Objective: Early detection and start of appropriate treatment are highly correlated with survival of sepsis and septic shock, but the currently available predictive tools are not sensitive enough to identify patients at risk.
Design: Linear (time and frequency domain) and nonlinear (unifractal and multiscale complexity dynamics) measures of beat-to-beat interval variability were analyzed in two mouse models of inflammatory shock to determine if they are sensitive enough to predict outcome.
Setting: University research laboratory.
Subjects: Blood pressure transmitter-implanted female C57BL/6J mice.
Interventions: IV administration of tumor necrosis factor (n = 11) or lipopolysaccharide (n = 14).
Measurements and main results: Contrary to linear indices of variability, unifractal dynamics, and absolute heart rate or blood pressure, quantification of complex beat-to-beat dynamics using multiscale entropy was able to predict survival outcome starting as early as 40 minutes after induction of inflammatory shock. Based on these results, a new and clinically relevant index of multiscale entropy was developed that scores the key features of a multiscale entropy profile. Contrary to multiscale entropy, multiscale entropy scoring can be followed as a function of time to monitor disease progression with limited loss of information.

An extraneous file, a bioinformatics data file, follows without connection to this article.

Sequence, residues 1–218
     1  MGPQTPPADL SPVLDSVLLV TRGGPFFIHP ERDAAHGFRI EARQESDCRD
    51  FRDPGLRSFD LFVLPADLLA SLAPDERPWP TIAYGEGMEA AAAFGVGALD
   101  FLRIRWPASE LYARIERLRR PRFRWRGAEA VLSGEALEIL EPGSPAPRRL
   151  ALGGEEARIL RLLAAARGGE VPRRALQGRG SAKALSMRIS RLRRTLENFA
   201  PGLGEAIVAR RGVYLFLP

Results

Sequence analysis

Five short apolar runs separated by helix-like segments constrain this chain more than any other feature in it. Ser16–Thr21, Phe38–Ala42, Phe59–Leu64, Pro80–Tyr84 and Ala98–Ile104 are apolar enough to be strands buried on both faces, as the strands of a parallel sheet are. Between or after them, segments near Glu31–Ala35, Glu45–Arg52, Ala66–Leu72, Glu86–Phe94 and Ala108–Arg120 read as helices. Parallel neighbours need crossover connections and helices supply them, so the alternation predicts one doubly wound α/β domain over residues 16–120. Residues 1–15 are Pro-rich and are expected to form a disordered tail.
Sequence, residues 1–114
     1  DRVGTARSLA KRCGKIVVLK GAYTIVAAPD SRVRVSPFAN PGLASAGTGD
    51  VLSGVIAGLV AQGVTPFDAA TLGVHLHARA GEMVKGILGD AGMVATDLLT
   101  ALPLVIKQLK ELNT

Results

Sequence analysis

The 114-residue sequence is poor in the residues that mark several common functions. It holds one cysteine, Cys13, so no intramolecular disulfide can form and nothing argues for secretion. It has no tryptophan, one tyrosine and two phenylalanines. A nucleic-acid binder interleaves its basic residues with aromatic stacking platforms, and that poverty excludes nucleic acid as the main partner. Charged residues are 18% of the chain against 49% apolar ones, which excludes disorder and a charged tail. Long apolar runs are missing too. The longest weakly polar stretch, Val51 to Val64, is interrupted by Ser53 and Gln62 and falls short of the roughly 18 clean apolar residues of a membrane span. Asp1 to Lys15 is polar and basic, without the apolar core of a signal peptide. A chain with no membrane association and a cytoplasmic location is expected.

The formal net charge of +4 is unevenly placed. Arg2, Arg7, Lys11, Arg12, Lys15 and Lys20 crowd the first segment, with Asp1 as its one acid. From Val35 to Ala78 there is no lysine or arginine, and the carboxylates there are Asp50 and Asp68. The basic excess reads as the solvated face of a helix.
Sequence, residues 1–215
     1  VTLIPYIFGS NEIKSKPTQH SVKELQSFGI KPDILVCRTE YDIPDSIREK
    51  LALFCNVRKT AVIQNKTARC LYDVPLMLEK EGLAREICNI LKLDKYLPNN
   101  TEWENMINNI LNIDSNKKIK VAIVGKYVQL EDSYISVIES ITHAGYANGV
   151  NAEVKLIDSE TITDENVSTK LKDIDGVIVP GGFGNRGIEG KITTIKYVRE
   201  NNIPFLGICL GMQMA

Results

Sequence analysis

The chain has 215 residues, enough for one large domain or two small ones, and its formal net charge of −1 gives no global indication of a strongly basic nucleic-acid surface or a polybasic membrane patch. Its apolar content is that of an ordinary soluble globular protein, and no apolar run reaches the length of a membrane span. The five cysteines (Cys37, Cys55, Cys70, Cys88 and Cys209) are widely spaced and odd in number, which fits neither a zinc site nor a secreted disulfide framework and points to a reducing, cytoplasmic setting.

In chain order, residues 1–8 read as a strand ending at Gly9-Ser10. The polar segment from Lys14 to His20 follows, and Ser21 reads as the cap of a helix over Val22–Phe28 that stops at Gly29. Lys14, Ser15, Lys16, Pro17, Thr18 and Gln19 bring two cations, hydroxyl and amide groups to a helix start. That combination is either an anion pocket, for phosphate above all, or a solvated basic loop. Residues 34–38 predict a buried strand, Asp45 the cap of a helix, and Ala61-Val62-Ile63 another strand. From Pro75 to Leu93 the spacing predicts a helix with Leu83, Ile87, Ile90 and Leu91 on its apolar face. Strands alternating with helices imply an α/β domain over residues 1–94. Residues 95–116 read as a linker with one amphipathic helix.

Conclusions: Analysis of multiscale complexity of beat-to-beat dynamics at high temporal resolution has potential as a sensitive prognostic tool with translational power that can predict survival outcome in systemic inflammatory conditions such as sepsis and septic shock.